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Posted Sunday, June 3, 2007
The Cromford Canal – A Forgotten Artery of Industry
On March 13th 1937 the owners of the Cromford Canal finally declared their intention to close it. Sixty-five years later to the very day – March 13th 2002 the newly-formed Friends of Cromford Canal (FCC) declared their intention to re-open it! Now just nine months later the burgeoning membership of the F.C.C. has risen to almost four hundred and Chairman Mike Kelley has announced ambitious plans to help preserve this valuable national heritage and to turn the canal into one of the area’s top tourist attractions.
Having recently been granted World Heritage Status by UNESCO, (not the canal) the Cromford area already attracts thousands of visitors a year from all over the world and is famously known as `The Birthplace of The Industrial Revolution’ with the world’s first ever water-powered cotton mill being built beside the Derwent at Cromford by Richard Arkwright in 1771.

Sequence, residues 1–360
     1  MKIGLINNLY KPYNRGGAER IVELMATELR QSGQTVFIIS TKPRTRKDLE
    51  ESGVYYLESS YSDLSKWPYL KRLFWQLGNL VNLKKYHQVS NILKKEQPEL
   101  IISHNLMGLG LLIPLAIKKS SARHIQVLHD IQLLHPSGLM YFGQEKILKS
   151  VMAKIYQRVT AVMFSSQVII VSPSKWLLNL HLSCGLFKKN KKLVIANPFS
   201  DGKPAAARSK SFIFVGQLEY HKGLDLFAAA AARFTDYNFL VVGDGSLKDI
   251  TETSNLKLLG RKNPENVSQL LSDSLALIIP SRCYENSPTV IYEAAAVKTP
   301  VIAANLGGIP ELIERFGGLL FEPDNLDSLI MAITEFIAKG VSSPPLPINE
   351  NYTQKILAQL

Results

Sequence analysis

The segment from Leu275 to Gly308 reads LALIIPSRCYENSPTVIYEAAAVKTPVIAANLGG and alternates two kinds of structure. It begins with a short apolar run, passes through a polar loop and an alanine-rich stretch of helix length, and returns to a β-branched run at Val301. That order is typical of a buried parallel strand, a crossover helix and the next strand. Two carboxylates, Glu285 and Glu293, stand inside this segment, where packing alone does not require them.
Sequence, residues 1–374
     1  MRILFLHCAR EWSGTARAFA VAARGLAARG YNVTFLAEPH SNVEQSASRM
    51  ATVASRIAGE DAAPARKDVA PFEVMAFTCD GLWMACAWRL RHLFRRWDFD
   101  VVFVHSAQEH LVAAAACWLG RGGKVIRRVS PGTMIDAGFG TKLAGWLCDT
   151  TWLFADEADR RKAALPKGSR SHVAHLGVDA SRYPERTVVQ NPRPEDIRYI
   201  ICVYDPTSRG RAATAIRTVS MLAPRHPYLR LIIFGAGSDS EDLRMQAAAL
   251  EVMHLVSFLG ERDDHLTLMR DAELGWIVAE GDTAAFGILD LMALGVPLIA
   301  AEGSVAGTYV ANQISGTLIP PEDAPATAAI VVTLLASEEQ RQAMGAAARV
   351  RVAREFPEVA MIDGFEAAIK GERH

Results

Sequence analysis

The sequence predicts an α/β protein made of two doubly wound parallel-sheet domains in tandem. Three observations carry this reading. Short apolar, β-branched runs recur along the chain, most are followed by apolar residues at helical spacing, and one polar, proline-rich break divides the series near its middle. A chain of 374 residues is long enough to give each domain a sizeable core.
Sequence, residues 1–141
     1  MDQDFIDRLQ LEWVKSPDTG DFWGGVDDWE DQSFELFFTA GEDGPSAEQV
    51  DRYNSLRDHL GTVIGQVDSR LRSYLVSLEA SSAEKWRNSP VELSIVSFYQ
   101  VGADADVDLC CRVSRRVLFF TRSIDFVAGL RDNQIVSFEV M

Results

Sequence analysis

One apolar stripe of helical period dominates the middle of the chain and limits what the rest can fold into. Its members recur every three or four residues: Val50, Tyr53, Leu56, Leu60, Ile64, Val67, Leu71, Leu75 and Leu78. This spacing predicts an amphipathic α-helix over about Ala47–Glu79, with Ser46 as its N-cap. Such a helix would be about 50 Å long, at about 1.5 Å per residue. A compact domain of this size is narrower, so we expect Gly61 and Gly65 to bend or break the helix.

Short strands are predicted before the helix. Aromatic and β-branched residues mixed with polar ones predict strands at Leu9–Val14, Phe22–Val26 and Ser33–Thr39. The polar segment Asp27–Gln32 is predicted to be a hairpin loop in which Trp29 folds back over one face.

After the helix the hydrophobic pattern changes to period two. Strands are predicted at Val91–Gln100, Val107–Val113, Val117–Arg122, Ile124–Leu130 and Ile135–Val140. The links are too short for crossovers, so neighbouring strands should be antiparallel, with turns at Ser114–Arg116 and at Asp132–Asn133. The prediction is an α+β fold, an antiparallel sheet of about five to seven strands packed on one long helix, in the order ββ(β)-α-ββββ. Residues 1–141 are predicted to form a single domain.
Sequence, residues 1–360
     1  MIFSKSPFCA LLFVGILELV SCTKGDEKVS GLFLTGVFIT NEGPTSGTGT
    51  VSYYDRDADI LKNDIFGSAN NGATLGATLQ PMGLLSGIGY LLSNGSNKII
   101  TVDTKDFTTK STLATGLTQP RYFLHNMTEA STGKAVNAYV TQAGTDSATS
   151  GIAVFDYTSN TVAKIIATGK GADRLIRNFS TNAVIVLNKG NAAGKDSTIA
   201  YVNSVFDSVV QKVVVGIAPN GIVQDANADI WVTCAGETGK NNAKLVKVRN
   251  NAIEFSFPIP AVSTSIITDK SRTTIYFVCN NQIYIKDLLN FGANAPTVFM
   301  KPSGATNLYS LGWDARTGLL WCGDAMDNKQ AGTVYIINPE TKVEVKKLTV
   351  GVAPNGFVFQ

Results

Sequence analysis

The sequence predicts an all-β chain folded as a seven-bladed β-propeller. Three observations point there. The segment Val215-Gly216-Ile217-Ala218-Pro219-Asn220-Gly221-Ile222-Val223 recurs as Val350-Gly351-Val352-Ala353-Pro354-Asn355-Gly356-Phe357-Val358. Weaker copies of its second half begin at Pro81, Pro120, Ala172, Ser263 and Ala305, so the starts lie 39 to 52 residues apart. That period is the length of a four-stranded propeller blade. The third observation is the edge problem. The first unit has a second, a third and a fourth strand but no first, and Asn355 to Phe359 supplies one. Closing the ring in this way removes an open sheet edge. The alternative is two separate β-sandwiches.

For centuries prior to this, long before the turnpike roads were built into the previously impenetrable interior, the yeomen farmers and tradesmen of Derbyshire’s Peak District relied on pack-horse trains to carry goods in and out of the area. But by the turn of the seventeenth century these were proving too slow and expensively inadequate to meet the demand for the sheer volume of goods, including coal, iron, cotton, lead and limestone that were needed by merchants throughout England to fuel the burgeoning Industrial Revolution.